Naked Attraction: Does dating show herald doom for society?
Channel 4's 'icky' contest shocks and repulses many, but should we be celebrating this rare display of real bodies?
Channel 4's new dating show Naked Attraction has prompted horror and sympathy from viewers - but is there also something to celebrate?
The show, hosted by Anna Richardson, puts six mate-seeking singles on display for one individual, who chooses who stays and who goes based on what they like and dislike about their completely naked bodies. The six contenders are whittled down to two, at which point the chooser also has to strip before making their final decision. The couple then goes on a date – fully clothed - to see if the attraction is more than skin deep.
The show has been called "the most controversial dating show on television", although the Daily Mirror points out that two contestants from the first episode are still dating.
After being widely compared to an "X-rated version of ITV dating show, Take Me Out", maybe it really does work, adds the newspaper. At least some of the contestants looking for love "actually found it".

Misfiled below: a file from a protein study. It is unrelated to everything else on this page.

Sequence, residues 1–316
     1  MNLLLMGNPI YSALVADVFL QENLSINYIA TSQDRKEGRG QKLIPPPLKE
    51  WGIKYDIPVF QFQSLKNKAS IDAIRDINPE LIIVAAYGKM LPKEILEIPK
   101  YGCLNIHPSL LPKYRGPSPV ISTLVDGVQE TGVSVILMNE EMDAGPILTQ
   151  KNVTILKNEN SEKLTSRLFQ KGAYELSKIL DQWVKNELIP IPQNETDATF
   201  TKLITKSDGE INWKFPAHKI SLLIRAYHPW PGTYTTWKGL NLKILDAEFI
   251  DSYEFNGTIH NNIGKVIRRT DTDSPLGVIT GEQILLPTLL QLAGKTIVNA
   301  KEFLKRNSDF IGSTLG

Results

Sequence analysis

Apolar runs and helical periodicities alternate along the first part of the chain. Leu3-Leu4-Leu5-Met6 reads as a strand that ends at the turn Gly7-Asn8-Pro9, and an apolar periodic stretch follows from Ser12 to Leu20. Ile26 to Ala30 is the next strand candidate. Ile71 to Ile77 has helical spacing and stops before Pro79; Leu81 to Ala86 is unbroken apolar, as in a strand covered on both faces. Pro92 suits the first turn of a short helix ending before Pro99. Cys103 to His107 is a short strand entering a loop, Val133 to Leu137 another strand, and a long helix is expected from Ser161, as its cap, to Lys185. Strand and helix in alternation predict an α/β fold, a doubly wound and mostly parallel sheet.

But reactions from commentators and the public have been more sceptical and some are downright horrified.
One viewer tweeted: "That Naked Attraction show is beyond creepy", while another wrote: "Our society has reached a new low, and I have a pretty high tolerance for trash. #Eugh." Others questioned how the programme had even made it on air.
Some have been sympathetic, or at least impressed by the bravery of those who took part in the show, but many critics were appalled.
Ed Power at the Daily Telegraph says: "Channel 4's confusing remake of Free Willy marched on to a third episode, oblivious, it seemed, to the howls, hoots and widespread consensus that this naked dating show represented a final harbinger of the apocalypse".
"It was all quite icky and clinical", he adds. But while it is "sensationalist and lowest dominator with a vengeance", the ratings for "one of Channel 4's most exploitative forays to date", speak for themselves, he admits - 1.4 million people tuned in to the opening episode and viewership for the second eclipsed Celebrity Big Brother.
Nudity is here to stay, concludes Power. "By Christmas, Channel 4 News presenters will doubtless be reading the headlines in bra and/or y-fronts."
It's an awful concept for a show, agrees Ellie Walker-Arnott in the Radio Times, but it does have "one saving grace": it's "showing real bodies on TV".
This "dating show" is equal parts repulsive and captivating, she continues, adding that it is hard to turn it off in a rage because what we are seeing is so rare - wobbly tummies, jiggly bums, body hair, tattoos and let's not even start listing the different types of genitalia.
But Naked Attraction is about what real people find attractive about real bodies, Walker-Arnott says. And "the lack of perfection is remarkably refreshing".